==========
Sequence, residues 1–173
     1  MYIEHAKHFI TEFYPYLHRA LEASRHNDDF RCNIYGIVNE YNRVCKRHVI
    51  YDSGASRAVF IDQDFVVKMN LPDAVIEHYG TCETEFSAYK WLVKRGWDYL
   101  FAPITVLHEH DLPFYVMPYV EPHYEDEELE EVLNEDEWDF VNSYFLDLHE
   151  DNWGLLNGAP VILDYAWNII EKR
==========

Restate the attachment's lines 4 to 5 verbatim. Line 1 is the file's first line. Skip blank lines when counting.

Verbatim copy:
   101  FAPITVLHEH DLPFYVMPYV EPHYEDEELE EVLNEDEWDF VNSYFLDLHE
   151  DNWGLLNGAP VILDYAWNII EKR